For my 24th birthday on Friday, January 27, I made plans to celebrate with my family in New York City that weekend. Booked on the last Air Canada flight out of Toronto Pearson International to New York’s LaGuardia Airport in Queens, I planned to go to the airport straight from work. After a 40-minute drive across the city, I parked my car and arrived at the airport. Mind you, I had not eaten since noon and it was quickly approaching suppertime. Fortunately, I was wise enough to check-in ahead of time online and had my boarding pass on my phone and since I did not have any checked luggage to drop off, upon entering the terminal, I went directly to the security line. The queue at security was probably the shortest that I had ever seen it before, and going through U.S. Customs was a breeze.
With more than an hour to spare before boarding time was to commence, I headed to my favourite restaurant in the terminal, The Hearth by Lynn Crawford. As I was seated and looked over the menu, my nagging headache was starting to develop into something else. I had been up late packing what I would need for the weekend and did not get to sleep until about two o’clock. that same morning and then I was awake at five o’clock to start making lunch and getting ready to go to work. I decided I had better order some ginger ale to help settle my now upset stomach. My waiter took my order and left for a while to get it filled. He returned with my soda to find me visibly uncomfortable. He came back with a glass of water as well. By the time that my food had arrived, I felt like throwing up, however, it was not the food that was making me feel unwell.
I tried to eat my meal when it came. I took a small bite and could barely chew it or shallow. I continued to attempt to eat and my server kept returning to check on me. I had completely lost my appetite and my head was throbbing. After about 20 minutes since the plate of food had arrived and only about 20 minutes before I was scheduled to board my flight, I called him over, and apologized sincerely, saying,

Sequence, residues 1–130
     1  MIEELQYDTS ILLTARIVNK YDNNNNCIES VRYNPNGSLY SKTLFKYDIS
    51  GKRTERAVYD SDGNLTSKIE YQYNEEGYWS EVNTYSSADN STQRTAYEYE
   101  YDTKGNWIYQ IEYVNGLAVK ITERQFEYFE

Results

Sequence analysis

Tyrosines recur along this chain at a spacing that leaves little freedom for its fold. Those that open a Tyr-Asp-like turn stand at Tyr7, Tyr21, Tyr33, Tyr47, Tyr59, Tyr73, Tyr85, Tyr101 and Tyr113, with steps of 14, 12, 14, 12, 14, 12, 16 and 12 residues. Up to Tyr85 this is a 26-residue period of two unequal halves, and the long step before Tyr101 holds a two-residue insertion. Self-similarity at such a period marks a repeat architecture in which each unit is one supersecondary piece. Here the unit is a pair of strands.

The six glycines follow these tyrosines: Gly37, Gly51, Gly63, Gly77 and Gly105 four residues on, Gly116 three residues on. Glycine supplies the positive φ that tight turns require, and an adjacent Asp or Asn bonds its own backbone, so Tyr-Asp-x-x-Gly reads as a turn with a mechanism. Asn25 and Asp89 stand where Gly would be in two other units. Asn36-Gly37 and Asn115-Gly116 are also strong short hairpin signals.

“I hate to waste food, I just feel so sick, I have no appetite, I’m so sorry. Could I just have the bill please? It’s not the meal, I’ve had it the last two times I flew out of the airport, but I’m just not feeling good.”
He looked sympathetic and took the plate away.
A few minutes later, he returned with the bill for just the two sodas totalling about $3.50. I could not believe it. What a kind gesture. I was nearly in tears. I sincerely thanked him as he left me with the debit machine to pay. I put my debit card in and when the screen asked me if I would like to add a tip, I punched in: 2 0 . 0 0 that is right, $20.00 which was about the cost of the food I thought I was going to have to pay for. He returned to get the debit machine and the receipt, when I had finished and he saw the total – $23.50 and realized what I had done. He smiled and went on to express his gratitude to me and wish me well on my flight and that he hoped I would feel better.
Why did I do it?
- I was going to have to pay about that amount if I had eaten my dinner as I had intended.
- He did not have to remove the cost of the meal and just charge me for the drinks. I was not expecting that kind of generosity from him.
- When someone is kind to you, you should pay it forward, and this seemed like the best way to do it.
Unfortunately, I lost my receipt in New York but I had every intention to call the restaurant management to thank them and give credit to my server, whose name was on the receipt. I am hoping that enough people will see this post and it will get back to them and he will come forward so that he can understand just how much it meant to me.
Do you have a heartwarming travel experience?
Were you on the receiving or giving end of a generous act of kindness? Let me know in the comments.